Families.....sometimes I think my job would be a snap if only I didn't have to deal with them. Some are wonderful, of course, and these are not the ones who give me indigestion; it's the completely unreasonable folks whose default position on everything is hostility, and they attack, criticize, and hound the staff for every real or imagined slight toward their loved ones.......as if we wake up every morning with the sole intent and purpose of neglecting them.

Sad to say, our society has developed an entitlement mentality and until the pendulum swings back the other way, nurses will continue to be unappreciated, and sometimes even harassed and threatened by patients and families alike. We cannot change that. All we can change is how we react to it.

I'm not saying we have to put up with abuse, threats on our lives and so forth. But we cannot afford to internalize verbal insults and other bad behaviors, lest we burn out and leave the profession. So......I visualize a thick Plexiglass wall that I've built, piece by piece, to protect myself from the slings and arrows that come my way so that they collide with the wall and slide harmlessly down to the ground, instead of hurting me.

This is the only way I can deal with these inevitable occurrences. Having a mental health condition that predisposes me to taking things too personally and being too easily wounded by harsh criticism, I survive in this profession by keeping that invisible wall up at all times when I'm at work, and letting it take the hits.

That's not to say that I can't or won't take criticism when it is justified; on the contrary, I thrive on criticism that is offered constructively. But when you've got a patient's daughter screaming at you in front of 50 other people because the doctor's office failed to fax her mom's new orders to the pharmacy after you've called them twice and they've reassured you both times that they've taken care of it.......that's when it's time to duck behind that wall.

lrobinson5

691 Posts

Well, my first thought is now we know why the other nurses leave him in the fetal position... There are some people you just can't please.

wooh, BSN, RN

1 Article; 4,383 Posts

I had such a nice group of patients on my last shift. It was a surprise. Usually I'm excited to get one patient/family that's nice.

orangepink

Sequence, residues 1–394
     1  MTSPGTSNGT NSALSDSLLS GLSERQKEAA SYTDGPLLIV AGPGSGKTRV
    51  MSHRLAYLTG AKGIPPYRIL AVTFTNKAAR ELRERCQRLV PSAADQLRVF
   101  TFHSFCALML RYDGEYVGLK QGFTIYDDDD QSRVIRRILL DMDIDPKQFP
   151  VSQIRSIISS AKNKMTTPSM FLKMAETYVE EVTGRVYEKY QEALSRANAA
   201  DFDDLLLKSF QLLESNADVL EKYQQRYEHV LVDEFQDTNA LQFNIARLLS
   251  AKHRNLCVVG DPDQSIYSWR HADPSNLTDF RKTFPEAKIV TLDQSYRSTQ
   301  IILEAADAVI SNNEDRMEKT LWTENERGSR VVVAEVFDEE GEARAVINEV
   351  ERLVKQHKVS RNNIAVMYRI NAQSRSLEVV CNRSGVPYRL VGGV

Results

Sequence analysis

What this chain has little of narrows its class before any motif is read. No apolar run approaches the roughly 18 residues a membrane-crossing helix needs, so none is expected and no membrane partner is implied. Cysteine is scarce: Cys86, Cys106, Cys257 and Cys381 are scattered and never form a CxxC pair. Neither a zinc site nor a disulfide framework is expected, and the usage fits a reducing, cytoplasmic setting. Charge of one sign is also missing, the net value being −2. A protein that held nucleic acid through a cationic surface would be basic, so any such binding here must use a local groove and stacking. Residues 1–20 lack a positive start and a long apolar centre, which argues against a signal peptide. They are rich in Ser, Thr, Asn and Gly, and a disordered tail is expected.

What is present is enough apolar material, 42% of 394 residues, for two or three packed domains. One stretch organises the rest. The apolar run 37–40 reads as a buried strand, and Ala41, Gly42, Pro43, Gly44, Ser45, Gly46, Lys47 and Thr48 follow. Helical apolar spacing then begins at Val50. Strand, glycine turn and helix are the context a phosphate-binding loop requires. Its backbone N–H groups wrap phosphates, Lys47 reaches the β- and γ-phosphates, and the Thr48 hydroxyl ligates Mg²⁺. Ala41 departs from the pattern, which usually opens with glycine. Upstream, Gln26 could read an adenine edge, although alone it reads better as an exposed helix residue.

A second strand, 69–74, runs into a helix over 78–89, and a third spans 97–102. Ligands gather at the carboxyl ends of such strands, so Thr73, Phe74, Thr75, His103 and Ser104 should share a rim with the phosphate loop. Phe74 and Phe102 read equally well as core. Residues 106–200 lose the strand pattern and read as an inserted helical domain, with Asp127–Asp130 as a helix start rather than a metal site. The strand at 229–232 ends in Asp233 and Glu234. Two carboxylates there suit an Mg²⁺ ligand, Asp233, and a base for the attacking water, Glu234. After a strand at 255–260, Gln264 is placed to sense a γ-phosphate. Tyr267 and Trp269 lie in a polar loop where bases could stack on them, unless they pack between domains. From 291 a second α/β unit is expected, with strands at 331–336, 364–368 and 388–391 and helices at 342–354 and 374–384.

orangepink, NP

Has 3 years experience. 289 Posts

i love the just walk out of the room and ignore them. education is a waste on many patients and their family memebers. yes i know they are angry/upset by their situation/diagnosis, but it isn't my fault. let them yell and scream and i walk right out of the room ( has only happened a few times- one of the best parts of working almost all nights!)

It's amazing the lack of patient education re: their diagnoses. I had a pt whose wife kept yelling at the RTs as to why her husband has trouble breathing. Her husband has been a chain smoker since he was 16! He has COPD. The RT and I looked at each other, speechless. Since he has been diagnosed, no one has bothered to explain COPD to her.

orangepink

orangepink, NP

Has 3 years experience. 289 Posts

Never leave medications in a room and tell the patient's family member to give them. Most families wouldn't need for the light to burst on in order to figure out that you just handed your job and possibly your license to them. That is the type of reaction they were trying to get from you all along, and you fell for their prodding. Next time, don't let it get this far. Request a different assignment.

Actually, my charge nurse was already aware of this so she gave me a different patient that day (3rd day) but she didn't tell me why. I didn't know they already complained about me that 2nd day. The other nurse complained about the sudden change so I assumed it must have been a mistake so I said yeah we can switch it back to yesterday's run. It was only when this incident happened that my charge nurse told me all the reasons.

In hindsight, I shouldn't have left the medications with the patient's son but he kept bragging about the fact that he knew more about nursing than I did. It got to me, unfortunately. I really tried to mentally distance myself from his emotional outburst but I have limits too. Words do hurt.